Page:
CVA - easily construct component variants

I created a new library GitHub - benvp/ex_cva: Class Variance Authority for Elixir which aims to make it very easy to define different variations of function components. I experimented and tweeted about it a bit and I really like how the api is looking now.

This library is heavily inspired by the amazing work of Joe Bell on GitHub - joe-bell/cva: Class Variance Authority in the JS world. The approach reasonates so much with me, that I wanted to have something similar in the elixir world.

What do you guys think?

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I just had a quick look at the readme, but wanted to leave a thank you for retaining the simple functional API. Macros are great, but I’d be worried wrapping Phoenix.Component that things will break with future liveview versions, but I can see myself using the plain API.

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I separated the both apis because they are building upon each other. So the core logic is just constructing the proper class names and the declarative api is build upon it to make it a little more convenient.

I understand that something potentially could break on new LiveView versions but I’d argue that the risk is quite low. The macro based approach essentially

  • creates a few module attributes to keep track of the cva related configs/state.
  • generating Phoenix.Component.attr/3 calls with values derived from the variant.
  • wrapping the function component and calling Phoenix.Component.assign/2. This is the same approach which LiveView does internally for declarative components.

I’m not touching LiveView internals and only use public apis.

Scenarios where it could potentially break:

  • Changes in the attr/3 api in a breaking manner.
  • The definition of HEEx function components is changed. Like requiring multiple arguments.

I think that’s both pretty unlikely. And even if it happens, as the cva macros api is very thin layer.

I just released version 0.1.2 of ex_cva and improved the docs a bit after receiving some feedback.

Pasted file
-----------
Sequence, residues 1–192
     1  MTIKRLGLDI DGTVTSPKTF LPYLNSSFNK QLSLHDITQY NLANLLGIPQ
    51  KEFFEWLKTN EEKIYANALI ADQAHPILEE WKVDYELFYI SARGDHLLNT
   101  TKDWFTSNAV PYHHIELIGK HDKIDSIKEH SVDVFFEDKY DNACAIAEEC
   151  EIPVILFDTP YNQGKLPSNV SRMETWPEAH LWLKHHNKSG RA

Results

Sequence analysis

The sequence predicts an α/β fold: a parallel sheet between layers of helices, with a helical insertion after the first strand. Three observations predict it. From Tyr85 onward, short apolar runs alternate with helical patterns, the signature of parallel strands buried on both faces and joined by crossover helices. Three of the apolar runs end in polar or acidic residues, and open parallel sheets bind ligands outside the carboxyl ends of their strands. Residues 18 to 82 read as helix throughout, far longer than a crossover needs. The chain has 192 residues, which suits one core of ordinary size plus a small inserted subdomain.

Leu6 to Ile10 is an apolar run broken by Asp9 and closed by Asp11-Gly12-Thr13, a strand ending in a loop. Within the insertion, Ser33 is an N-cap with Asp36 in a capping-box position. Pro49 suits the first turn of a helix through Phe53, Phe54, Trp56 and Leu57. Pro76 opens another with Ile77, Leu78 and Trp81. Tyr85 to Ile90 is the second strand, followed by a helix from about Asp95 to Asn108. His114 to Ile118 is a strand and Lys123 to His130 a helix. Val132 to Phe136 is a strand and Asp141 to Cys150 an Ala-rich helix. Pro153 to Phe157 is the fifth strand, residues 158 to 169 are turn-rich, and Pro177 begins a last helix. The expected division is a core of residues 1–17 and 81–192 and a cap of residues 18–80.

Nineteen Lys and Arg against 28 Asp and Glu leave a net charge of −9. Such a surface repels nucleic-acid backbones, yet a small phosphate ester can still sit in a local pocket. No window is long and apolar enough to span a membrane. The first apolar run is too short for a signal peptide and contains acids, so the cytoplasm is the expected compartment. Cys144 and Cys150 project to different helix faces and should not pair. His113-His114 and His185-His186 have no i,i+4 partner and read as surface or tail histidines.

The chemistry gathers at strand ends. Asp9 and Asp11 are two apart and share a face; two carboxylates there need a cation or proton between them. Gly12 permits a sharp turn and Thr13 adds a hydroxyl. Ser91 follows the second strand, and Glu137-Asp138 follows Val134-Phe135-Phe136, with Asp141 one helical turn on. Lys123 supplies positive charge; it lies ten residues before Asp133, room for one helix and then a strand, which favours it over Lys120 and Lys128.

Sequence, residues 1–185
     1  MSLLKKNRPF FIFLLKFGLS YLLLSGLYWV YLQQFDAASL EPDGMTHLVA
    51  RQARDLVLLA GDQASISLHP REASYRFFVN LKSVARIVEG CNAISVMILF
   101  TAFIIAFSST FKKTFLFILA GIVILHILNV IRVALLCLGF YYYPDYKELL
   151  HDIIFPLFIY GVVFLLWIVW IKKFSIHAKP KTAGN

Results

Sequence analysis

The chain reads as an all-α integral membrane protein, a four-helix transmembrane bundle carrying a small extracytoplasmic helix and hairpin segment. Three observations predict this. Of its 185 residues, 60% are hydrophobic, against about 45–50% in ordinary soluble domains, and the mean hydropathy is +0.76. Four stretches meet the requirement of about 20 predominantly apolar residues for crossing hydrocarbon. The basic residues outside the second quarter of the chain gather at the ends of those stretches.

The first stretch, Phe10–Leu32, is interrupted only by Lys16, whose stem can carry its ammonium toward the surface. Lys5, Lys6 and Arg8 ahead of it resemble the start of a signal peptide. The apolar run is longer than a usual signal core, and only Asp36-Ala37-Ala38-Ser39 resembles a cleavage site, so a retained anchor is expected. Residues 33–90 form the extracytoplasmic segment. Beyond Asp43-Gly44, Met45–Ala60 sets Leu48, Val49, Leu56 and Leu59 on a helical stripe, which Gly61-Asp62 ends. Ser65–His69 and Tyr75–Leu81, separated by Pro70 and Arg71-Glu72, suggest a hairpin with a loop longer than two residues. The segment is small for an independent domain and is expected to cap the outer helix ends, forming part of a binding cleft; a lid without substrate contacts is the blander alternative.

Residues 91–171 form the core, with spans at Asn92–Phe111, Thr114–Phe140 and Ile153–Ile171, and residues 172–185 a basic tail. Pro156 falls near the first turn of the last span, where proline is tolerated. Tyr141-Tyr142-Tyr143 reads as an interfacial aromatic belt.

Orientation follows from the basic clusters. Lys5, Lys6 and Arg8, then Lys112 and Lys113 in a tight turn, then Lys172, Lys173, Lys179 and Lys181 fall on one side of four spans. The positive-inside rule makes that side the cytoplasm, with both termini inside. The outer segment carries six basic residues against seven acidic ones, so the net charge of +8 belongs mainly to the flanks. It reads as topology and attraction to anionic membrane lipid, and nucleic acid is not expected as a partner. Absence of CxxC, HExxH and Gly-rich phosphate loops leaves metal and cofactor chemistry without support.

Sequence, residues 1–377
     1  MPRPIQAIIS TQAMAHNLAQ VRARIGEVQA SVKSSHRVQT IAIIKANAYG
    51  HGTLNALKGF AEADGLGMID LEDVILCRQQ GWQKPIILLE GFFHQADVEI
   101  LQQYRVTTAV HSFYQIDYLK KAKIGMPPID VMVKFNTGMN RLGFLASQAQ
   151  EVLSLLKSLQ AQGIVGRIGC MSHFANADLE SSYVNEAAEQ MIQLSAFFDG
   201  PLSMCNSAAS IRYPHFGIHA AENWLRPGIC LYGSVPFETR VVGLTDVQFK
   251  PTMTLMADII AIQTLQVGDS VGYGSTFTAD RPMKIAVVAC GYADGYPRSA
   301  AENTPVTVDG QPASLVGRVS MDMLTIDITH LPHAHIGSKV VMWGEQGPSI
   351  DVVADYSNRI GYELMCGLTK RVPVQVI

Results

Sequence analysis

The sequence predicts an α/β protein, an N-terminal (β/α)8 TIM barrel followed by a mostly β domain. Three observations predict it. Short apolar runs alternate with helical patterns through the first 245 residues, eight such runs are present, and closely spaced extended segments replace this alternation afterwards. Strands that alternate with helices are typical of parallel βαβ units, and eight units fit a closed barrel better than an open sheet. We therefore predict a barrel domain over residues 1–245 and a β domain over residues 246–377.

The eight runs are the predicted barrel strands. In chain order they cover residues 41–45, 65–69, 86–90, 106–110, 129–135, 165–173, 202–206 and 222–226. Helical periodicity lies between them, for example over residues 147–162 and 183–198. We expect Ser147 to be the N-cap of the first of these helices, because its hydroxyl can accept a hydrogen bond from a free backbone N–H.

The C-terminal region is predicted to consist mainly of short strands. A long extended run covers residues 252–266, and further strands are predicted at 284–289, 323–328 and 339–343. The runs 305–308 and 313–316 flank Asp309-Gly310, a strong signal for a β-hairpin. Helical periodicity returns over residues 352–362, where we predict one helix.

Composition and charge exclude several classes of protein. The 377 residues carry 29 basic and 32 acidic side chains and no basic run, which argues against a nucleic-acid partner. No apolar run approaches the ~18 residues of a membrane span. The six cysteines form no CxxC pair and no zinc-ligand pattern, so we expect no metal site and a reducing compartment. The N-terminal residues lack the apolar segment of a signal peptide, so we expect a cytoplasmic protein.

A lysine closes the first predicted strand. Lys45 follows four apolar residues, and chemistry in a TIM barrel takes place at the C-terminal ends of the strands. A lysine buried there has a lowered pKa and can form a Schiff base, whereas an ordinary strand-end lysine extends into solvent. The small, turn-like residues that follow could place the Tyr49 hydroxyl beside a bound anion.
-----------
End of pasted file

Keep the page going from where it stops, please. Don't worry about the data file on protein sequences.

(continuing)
The version fixes an issue which would always apply class assigns if it was present, even if @class has not been explicitly passed into the component. This could end up in having duplicate classes if a component configures variants and accepts a class assign.

Thanks for the very nice library!

I’m curious how you recommend dealing with variants that arise from the presence of HTML attributes. For instance,

<button intent="secondary" disabled>
  hello
</button>

vs

<button intent="destructive" disabled>
  hello
</button>

should be styled differently.

In my example above, the original CVA lib seems to recommend making disabled another intent variant which I’ve done for now, but do you have advice for composing these more easily?

Thanks for bringing that up Jon. I found a few things in the library when using that approach.

In general I agree with the way the original CVA library recommends on handling things like disabled. Adding a new boolean variant if the way to go. Otherwise you could also add classes with the :disabled css pseudoclasses to style the button, when it’s disabled.

Starting with 0.2.0 of ex_cva you can do sth like the post recommended. Read below.

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I just release version 0.2.0 of ex_cva.

[v0.2.0] (2022-12-06)

Improvements

  • variant/2 now properly supports boolean values. You can now do something like the following:
variant :disabled,
        [true: "disabled-class", false: "enabled-class"],
        default: false
        
# or

variant :disabled,
        [true: "disabled-class"],
        default: nil
        
def button(assigns) do
  ~H"""
  <button class={@cva_class} disabled={@disabled}>
    <%= render_slot(@inner_block) %>
  </button>
  """
end
        
# ... where you use that component

<.button disabled>Click me</.button> 

# -> <button class="disabled-class" disabled>Click me</button>
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